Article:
Well, first, you need to understand that bonuses are a retention strategy. They have no incentive to pay it when it’s clearly not going to help retain you. So you need to make a different argument. Offering to help with the transition during your remaining weeks isn’t a good argument, but it’s assumed that you’ll do that as part of being a responsible professional who wants a good reference; implying it’s contingent on getting a bonus would be a bad thing. Connecting it to taking a short maternity leave a few years ago isn’t a good argument either; that’s in the past, it was presumably something you chose to do, and if they were going to reward you financially for doing that, it would have already happened. If you think they’ll want you to give four weeks notice instead of two weeks — want it enough to pay extra for it — then that would be a good argument. But that’s the only one I’d use. (Although you could also offer to be available for questions for a while after you leave, to sweeten the pot, if you wanted to.)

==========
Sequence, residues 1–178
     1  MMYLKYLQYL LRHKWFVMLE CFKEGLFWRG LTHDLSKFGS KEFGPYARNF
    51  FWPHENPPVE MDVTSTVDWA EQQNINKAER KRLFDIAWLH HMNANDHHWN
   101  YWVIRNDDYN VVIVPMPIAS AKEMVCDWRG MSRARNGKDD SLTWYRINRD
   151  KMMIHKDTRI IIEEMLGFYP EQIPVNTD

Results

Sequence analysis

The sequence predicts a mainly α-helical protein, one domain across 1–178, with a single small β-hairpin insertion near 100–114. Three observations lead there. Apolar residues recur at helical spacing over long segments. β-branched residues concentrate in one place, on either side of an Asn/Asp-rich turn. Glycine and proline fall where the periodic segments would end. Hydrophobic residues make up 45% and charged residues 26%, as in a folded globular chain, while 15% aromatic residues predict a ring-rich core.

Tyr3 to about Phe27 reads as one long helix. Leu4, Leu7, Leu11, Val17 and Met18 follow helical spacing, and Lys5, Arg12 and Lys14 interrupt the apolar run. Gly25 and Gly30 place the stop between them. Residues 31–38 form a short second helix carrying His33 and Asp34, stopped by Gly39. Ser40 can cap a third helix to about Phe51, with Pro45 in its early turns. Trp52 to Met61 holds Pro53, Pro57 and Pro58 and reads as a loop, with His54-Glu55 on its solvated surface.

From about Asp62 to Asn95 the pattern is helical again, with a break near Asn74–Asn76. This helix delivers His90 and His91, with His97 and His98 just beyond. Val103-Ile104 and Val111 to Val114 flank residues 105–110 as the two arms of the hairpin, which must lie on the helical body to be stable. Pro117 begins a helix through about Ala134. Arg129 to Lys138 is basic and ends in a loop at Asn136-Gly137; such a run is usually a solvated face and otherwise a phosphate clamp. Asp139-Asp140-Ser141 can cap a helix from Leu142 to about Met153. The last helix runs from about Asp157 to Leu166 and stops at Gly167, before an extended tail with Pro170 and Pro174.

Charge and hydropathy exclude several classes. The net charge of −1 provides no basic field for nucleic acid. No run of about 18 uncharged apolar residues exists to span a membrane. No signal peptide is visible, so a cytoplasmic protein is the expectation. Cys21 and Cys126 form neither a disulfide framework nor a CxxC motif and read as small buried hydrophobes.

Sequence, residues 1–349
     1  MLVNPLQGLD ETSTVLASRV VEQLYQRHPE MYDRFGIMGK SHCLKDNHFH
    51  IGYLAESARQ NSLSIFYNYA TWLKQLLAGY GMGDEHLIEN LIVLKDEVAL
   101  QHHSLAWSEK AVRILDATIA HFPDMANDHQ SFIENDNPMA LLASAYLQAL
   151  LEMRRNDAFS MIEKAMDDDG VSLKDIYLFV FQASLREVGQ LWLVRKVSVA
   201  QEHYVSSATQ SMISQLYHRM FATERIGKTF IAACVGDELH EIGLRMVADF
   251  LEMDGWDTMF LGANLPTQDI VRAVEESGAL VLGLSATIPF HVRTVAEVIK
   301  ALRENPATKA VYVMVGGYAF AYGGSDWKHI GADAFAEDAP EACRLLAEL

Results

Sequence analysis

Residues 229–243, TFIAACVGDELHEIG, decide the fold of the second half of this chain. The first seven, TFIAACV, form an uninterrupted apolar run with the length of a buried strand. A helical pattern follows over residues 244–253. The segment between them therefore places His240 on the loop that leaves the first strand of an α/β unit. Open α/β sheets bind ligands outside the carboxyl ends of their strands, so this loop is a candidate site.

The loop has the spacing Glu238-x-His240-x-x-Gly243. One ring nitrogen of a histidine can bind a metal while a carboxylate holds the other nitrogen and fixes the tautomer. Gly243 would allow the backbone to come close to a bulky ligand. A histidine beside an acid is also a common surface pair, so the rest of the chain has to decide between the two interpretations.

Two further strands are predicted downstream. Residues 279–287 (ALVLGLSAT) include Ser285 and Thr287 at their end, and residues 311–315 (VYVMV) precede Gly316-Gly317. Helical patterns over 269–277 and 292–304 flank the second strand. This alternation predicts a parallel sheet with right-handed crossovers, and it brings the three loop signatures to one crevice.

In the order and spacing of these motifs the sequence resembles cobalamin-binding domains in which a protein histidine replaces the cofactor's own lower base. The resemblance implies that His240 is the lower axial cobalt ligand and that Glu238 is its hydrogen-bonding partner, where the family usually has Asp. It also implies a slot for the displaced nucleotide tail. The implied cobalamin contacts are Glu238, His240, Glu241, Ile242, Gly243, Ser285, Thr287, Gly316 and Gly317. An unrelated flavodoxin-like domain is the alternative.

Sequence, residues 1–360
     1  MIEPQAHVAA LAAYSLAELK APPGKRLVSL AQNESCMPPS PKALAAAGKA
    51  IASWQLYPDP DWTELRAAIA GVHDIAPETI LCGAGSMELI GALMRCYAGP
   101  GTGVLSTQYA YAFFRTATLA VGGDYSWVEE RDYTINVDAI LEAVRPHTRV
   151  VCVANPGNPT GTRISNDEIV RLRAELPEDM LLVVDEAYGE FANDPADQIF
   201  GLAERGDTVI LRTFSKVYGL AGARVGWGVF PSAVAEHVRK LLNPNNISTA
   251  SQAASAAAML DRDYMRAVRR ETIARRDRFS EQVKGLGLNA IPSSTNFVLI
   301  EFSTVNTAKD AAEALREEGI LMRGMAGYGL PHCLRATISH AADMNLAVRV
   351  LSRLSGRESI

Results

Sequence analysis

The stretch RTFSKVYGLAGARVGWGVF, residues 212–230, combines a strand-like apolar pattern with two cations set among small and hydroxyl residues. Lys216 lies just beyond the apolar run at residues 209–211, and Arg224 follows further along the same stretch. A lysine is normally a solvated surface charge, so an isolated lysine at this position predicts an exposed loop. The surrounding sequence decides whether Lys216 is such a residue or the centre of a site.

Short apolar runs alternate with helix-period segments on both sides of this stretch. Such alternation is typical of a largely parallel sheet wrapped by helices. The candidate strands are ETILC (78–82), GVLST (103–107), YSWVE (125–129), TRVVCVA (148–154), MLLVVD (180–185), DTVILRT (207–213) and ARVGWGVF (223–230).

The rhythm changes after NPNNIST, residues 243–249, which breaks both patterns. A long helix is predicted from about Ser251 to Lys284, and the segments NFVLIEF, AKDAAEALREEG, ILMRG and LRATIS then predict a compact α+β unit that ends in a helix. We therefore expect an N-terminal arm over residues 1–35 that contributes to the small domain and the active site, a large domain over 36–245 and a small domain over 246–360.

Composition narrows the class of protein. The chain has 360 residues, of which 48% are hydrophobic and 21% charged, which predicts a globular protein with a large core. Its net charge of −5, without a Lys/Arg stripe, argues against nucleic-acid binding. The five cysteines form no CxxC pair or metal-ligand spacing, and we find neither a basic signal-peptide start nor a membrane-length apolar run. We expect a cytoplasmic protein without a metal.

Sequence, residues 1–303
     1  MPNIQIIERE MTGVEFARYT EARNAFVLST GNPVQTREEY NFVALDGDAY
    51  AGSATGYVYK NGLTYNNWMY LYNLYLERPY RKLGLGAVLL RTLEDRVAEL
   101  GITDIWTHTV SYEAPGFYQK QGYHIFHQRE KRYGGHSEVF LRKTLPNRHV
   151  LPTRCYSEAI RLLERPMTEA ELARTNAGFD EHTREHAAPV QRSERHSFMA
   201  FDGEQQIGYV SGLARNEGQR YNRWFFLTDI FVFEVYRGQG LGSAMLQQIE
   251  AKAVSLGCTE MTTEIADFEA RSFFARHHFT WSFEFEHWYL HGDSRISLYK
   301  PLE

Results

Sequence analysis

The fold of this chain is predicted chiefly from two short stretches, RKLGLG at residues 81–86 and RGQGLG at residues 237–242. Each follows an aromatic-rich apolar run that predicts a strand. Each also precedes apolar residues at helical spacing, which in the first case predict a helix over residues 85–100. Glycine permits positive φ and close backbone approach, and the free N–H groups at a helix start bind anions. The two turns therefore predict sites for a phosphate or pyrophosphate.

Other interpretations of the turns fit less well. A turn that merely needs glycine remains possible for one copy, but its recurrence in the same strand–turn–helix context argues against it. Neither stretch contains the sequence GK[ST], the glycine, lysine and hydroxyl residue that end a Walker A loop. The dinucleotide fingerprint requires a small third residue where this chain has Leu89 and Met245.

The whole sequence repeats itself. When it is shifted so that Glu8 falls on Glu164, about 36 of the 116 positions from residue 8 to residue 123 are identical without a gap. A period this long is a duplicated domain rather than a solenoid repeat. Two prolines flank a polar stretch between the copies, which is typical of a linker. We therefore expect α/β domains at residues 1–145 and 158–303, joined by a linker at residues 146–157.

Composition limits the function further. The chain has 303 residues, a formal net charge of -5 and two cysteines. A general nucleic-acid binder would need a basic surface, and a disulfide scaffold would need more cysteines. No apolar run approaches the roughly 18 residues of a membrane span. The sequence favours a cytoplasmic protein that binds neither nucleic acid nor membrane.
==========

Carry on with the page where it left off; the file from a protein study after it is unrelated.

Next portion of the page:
Of course, you could also just do a straightforward appeal of “I’ve worked hard while I’m here, I’ve done an excellent job, and I hope you’ll consider paying me the pro-rated portion of the bonus I would have earned had I stayed.” Some employers will respond to that, and some won’t.
3. Preparing to leave a job to move in a few months
I’ve been planning on leaving my job for about a year, and recently my wife accepted an offer in another city. We’re planning on moving around July 20. I’m not sure how far in advance I should give notice. I don’t expect to be told to leave as soon as I give notice, but I do expect to have to train my replacement or another staff member as my immediate superior doesn’t have the technical skills to do so.
I also have two follow up questions (if that’s okay): I know that my boss has had trouble finding desirable applicants lately and I wanted to offer to assist in the search for a replacement, but I don’t know if that’s a faux-pas. Second, I don’t yet have a job in my new city, but a company that operates nationally that we are partnered with for many projects has opportunities for work there. The manager there wouldn’t hire me without my boss’s blessing, is it alright to broach the subject when I give notice?
How much notice to gives depends 100% on how your manager and your company handle long notice periods. If you’ve seen that they handle them well and don’t push people out the door sooner than they wanted to go, then tell them now. Hiring takes a while, and if they want you to train your replacement, they’ll need to start the process now. (Alternately, though, if they had a track record of pushing people out early, they would have forfeited the right to a long notice period.)